Support The Moscow Times!

Russia Cuts Gas Supplies to Europe as Temperatures Drop

Supplies on the Yamal pipeline dropped over the weekend. Gazprom

Russia’s state-controlled Gazprom slashed its gas supplies to Europe over the weekend, sending prices surging as the continent prepares for a week of sub-zero temperatures.

Shipments through the Yamal pipeline — which runs through Belarus and Poland to Germany — were at their lowest for at least a month over the weekend, Interfax reported, citing market data. Daily shipments fell from 27 million cubic meters (mcm) Friday to 5.2 mcm and 4.7 mcm on Saturday and Sunday, respectively. 

Gazprom also booked only minimal additional capacity on the transit route Monday — 3.8 mcm — worrying markets as gas prices rose across Europe once more.

Gas prices climbed above $1,700 per thousand cubic meters on Monday — 70% higher than the levels seen in September when politicians across the continent first started worrying about a possible Russian squeeze on supplies ahead of the winter.

The Yamal pipeline operates at a full capacity of 89 mcm per day, meaning flows were operating at only 4% of capacity Monday. 

Russia and Gazprom have previously been accused of trying to squeeze the European gas market to advance its Nord Stream 2 project and push European countries to sign long-term gas deals with Gazprom that guarantee supplies at fixed prices.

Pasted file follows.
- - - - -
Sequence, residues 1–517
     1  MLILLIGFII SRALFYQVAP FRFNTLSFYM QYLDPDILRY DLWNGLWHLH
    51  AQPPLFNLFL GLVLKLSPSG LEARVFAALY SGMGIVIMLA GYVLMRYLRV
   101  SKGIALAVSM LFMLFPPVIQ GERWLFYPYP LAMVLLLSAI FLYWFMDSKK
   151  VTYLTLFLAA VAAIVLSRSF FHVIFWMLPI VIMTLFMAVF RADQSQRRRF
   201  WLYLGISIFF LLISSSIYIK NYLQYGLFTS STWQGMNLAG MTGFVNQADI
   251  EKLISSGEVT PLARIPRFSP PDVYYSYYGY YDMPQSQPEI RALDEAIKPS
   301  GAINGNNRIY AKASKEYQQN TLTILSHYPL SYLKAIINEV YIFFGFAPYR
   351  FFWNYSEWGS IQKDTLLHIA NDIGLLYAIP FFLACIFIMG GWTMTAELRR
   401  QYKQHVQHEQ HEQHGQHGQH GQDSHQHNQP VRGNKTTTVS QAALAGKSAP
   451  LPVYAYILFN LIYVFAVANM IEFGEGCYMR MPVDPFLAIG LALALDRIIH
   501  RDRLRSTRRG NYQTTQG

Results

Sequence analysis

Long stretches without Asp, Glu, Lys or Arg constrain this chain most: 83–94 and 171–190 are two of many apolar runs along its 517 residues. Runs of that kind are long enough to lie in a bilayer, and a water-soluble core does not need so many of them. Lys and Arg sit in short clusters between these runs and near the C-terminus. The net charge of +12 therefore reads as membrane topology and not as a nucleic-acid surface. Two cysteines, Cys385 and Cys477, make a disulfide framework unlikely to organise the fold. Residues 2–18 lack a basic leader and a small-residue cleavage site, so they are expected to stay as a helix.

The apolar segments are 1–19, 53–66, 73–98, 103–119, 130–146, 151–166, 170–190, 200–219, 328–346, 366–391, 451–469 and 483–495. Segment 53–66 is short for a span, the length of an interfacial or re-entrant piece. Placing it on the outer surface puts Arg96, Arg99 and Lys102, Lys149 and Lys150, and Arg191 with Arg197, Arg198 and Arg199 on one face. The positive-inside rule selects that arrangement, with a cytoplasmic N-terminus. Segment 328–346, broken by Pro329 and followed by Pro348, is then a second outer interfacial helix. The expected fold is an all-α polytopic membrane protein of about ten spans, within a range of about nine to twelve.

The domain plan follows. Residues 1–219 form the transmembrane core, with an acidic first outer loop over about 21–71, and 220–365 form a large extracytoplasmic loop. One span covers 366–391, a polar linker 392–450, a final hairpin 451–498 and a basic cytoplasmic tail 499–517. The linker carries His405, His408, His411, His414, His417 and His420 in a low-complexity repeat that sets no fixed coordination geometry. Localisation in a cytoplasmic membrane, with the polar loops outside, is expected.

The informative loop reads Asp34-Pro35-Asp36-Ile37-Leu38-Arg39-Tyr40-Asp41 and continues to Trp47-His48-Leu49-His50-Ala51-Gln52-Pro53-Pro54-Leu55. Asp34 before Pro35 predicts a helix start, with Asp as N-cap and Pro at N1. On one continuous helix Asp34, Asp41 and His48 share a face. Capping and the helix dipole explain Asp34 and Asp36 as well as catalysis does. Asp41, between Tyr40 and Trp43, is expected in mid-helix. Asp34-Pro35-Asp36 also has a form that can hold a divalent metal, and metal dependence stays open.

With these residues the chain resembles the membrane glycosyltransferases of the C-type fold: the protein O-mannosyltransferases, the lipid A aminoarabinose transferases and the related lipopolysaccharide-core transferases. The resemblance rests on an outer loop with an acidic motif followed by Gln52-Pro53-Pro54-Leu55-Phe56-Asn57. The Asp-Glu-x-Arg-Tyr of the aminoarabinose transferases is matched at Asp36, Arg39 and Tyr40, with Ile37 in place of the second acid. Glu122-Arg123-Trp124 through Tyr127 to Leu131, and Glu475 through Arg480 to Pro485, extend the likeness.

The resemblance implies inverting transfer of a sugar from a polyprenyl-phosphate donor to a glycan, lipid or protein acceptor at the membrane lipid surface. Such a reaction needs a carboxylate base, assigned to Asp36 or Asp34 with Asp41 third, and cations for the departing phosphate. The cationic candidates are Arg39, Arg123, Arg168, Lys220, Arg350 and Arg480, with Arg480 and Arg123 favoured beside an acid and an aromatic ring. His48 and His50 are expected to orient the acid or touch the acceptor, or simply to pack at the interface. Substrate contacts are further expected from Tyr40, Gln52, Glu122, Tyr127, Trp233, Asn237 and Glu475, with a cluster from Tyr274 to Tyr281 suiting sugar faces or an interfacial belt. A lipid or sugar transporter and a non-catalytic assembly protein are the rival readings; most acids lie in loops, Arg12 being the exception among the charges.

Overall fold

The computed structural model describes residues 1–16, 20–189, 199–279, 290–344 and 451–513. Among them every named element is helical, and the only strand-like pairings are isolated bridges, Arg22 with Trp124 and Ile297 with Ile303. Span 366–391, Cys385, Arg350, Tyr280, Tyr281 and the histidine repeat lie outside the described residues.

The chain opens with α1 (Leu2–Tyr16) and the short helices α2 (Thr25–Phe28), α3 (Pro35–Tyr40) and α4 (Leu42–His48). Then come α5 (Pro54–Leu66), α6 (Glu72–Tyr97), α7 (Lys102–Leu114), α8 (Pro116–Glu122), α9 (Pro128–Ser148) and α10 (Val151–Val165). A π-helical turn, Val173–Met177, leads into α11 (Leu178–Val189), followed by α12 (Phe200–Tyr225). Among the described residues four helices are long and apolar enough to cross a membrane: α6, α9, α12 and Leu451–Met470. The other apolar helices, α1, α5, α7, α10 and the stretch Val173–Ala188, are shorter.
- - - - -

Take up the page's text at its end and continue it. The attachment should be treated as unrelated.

The company increased supplies to Europe in the second half of November and early December, though prices have remained elevated given low storage levels in Europe, fears of conflict in Ukraine and new delays to Nord Stream 2’s certification.

The Yamal pipeline is one of Gazprom’s major supply routes into the continent, in addition to the first Nord Stream pipeline and transit through Ukraine. Nord Stream is operating at full capacity and Russia has been reluctant to book additional capacity on the Ukrainian route in recent months. 

In auctions held Monday for January transit supply, Gazprom rejected an option to book extra supplies through Ukraine for a fourth consecutive month and booked only 22% of proposed extra supplies on the Yamal route, the state-run TASS news agency reported.

Read more

We need your help now more than ever.

Independent media outlets and journalists in Russia are being increasingly targeted with “foreign agent” and “undesirable” labels, threatening the existence of the free press day by day.

Your donation to The Moscow Times directly supports the last independent English-language news source within Russia.